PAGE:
The Washington Post

President Obama’s job approval is above 50 percent in just 11 states

President Obama pauses as he speaks to reporters about the fiscal cliff  at the White House on Dec. 21, 2012. (Charles Dharapak/AP)
Obama's job approval ratings by state. (Gallup) Obama’s job approval ratings by state. (Gallup)

President Obama’s job approval rating last year was above 50 percent in just 11 states, according to a Gallup survey.

Generally, residents of Northeastern and Mid-Atlantic states approve of Obama the most. His average approval rating last year was about two percentage points down from 2012, according to the Gallup survey which included more than 178,000 interviews:

In three states — Washington, Minnesota and Michigan  — his job approval dropped below the majority level. His approval rating did not improve by a statistically significant amount in any state.

Throughout Obama’s presidency, the most approving and least approving states have mostly stayed the same. In addition to the District of Columbia, seven states have been among the 10 most approving each year since 2009 — Hawaii, Maryland, New York, Massachusetts, Connecticut, Vermont and California. New Jersey, Rhode Island and Delaware have ranked among the 10 most approving states in all but one year of Obama’s presidency. Hawaii has ranked first among states each year, and Maryland has been second in all but one year.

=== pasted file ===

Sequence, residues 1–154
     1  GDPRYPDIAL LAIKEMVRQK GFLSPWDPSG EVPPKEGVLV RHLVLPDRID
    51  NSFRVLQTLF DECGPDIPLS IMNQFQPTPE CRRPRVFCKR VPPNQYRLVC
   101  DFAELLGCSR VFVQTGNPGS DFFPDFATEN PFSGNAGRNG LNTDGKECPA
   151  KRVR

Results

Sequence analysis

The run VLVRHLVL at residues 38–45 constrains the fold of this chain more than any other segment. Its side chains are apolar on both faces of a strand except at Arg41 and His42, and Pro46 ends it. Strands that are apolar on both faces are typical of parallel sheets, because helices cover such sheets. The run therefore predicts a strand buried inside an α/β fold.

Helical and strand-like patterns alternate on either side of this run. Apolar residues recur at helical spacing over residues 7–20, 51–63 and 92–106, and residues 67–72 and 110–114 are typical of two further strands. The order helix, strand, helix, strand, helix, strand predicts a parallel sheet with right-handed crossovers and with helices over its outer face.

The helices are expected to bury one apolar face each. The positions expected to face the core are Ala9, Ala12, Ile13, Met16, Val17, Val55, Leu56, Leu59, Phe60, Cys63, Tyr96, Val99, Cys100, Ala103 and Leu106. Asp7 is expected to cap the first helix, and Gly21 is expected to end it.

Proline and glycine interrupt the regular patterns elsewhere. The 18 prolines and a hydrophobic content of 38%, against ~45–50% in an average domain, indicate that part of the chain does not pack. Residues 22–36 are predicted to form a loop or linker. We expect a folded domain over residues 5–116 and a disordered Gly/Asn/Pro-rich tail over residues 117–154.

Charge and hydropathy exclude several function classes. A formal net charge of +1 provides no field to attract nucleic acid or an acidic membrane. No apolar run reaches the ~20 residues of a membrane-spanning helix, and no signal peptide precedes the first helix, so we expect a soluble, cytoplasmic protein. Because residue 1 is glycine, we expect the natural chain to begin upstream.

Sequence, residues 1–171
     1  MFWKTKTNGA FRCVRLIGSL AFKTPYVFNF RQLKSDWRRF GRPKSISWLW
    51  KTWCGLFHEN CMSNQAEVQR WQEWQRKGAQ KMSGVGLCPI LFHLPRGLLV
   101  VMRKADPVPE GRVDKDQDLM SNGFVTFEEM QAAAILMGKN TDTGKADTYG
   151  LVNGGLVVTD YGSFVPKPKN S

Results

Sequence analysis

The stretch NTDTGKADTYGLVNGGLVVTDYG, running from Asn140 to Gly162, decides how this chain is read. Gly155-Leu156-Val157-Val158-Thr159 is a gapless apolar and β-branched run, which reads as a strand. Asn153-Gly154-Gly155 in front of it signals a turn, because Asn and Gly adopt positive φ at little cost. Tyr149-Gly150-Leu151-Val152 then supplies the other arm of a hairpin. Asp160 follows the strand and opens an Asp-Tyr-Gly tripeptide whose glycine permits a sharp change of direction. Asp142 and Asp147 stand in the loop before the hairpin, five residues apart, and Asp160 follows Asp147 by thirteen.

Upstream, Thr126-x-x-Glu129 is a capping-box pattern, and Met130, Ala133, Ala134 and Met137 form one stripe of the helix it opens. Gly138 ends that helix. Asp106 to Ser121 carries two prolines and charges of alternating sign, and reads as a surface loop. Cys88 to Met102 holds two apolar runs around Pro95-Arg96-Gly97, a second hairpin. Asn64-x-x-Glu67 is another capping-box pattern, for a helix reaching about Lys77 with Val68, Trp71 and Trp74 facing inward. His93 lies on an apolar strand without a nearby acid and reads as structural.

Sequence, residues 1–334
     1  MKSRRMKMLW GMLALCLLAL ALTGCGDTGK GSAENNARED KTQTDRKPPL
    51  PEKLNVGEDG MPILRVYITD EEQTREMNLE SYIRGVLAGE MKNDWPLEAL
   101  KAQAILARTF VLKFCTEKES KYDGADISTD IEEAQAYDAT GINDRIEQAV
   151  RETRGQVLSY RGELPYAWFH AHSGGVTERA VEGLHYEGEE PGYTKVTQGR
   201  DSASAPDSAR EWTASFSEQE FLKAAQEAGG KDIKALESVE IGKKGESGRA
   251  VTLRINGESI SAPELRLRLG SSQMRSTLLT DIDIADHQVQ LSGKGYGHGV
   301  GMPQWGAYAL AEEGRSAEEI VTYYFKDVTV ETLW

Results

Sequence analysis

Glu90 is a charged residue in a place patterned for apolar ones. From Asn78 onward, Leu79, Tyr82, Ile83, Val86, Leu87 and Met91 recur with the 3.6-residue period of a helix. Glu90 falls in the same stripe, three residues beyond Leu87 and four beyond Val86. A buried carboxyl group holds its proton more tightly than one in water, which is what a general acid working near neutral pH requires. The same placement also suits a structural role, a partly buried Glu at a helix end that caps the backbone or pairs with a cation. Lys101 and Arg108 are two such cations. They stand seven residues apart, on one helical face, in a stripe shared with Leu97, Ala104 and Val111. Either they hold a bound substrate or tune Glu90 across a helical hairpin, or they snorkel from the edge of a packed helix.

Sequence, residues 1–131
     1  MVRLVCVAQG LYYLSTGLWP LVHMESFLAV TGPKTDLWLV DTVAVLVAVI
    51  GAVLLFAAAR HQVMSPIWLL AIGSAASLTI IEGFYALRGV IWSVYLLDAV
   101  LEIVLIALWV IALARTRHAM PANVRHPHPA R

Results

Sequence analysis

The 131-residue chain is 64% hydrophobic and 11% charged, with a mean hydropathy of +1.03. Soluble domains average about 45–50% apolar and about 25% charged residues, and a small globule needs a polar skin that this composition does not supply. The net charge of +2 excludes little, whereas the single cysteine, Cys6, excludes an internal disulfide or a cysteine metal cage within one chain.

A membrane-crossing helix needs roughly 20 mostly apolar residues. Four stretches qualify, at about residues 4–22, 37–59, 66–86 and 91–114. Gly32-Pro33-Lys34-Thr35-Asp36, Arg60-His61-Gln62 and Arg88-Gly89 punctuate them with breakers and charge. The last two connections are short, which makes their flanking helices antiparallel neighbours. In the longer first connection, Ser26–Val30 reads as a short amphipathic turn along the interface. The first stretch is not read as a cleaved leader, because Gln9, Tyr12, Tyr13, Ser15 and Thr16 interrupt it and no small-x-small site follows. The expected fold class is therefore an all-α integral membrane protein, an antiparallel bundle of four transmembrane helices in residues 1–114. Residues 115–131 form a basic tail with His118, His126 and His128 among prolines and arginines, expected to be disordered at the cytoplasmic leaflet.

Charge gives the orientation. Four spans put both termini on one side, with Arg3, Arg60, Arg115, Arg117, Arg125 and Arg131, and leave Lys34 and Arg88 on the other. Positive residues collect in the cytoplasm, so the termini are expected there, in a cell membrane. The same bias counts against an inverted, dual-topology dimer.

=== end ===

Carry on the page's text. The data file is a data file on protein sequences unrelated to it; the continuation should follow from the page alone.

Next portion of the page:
The 11 states where majorities approve of the job he’s doing as president are: Hawaii, Maryland, Rhode Island, New York, Vermont, Massachusetts, New Jersey, California, Connecticut, Delaware and Illinois. Approval in those states ranged from 53.7 percent in Illinois to 61.3 percent in Hawaii.

His approval is lowest in Wyoming, West Virginia, Utah, South Dakota, Idaho, Oklahoma, Montana, Alaska, Arkansas, Kentucky, Kansas and North Dakota. Just 22.5 percent of Wyoming residents approve of the job Obama is doing as president, while 35.5 percent of North Dakotans do.

Niraj Chokshi reports for GovBeat, The Post's state and local policy blog.



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